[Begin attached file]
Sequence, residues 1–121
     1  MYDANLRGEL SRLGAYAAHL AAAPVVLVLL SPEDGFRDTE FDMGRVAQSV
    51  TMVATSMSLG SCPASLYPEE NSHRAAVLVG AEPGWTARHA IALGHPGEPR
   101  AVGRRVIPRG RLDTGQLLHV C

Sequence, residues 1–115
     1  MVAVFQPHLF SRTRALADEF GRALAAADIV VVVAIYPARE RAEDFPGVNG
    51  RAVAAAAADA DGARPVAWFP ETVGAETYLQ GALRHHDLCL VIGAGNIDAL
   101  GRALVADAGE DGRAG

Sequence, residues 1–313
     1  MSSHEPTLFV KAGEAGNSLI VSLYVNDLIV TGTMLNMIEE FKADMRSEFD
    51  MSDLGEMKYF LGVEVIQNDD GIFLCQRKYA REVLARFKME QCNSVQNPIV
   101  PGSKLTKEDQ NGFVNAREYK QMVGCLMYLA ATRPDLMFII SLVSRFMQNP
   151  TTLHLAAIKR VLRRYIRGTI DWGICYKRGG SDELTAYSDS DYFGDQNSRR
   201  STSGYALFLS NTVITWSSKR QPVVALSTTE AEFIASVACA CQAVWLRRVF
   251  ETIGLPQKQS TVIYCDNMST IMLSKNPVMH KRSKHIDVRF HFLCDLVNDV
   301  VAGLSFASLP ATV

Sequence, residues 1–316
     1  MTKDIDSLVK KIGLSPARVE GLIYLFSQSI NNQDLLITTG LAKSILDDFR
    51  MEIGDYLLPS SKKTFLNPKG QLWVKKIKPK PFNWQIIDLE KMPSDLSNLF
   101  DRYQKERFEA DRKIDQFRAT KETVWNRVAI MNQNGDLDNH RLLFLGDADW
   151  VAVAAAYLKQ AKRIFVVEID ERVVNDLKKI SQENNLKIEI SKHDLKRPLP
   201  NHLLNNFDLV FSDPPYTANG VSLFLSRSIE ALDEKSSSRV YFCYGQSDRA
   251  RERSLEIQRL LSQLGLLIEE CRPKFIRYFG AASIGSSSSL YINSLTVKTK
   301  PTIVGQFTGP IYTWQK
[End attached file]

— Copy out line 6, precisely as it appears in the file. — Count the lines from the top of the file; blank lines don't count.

     1  MVAVFQPHLF SRTRALADEF GRALAAADIV VVVAIYPARE RAEDFPGVNG